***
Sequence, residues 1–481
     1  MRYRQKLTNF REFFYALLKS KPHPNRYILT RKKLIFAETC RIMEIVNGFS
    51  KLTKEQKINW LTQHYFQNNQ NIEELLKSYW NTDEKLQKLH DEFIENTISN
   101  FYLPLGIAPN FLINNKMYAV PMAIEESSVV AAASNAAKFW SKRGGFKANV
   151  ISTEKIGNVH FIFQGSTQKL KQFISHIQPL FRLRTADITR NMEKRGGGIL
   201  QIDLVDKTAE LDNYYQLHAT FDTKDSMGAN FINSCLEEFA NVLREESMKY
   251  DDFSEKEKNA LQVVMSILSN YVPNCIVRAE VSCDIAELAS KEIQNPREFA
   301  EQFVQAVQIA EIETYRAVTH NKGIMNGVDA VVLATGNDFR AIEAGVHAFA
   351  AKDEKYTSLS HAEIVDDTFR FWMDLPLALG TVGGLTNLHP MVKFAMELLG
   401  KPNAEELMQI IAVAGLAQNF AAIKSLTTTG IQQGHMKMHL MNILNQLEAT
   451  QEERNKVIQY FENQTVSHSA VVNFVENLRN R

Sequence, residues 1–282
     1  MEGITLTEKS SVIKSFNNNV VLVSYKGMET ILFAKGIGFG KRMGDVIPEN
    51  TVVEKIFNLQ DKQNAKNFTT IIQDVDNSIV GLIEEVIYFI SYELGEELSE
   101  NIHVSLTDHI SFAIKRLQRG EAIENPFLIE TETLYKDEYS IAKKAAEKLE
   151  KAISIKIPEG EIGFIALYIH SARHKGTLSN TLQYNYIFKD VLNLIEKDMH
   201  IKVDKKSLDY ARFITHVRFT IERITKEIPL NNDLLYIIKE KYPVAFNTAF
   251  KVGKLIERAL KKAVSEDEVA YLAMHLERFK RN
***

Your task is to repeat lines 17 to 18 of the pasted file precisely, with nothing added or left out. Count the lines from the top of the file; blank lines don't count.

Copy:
   201  IKVDKKSLDY ARFITHVRFT IERITKEIPL NNDLLYIIKE KYPVAFNTAF
   251  KVGKLIERAL KKAVSEDEVA YLAMHLERFK RN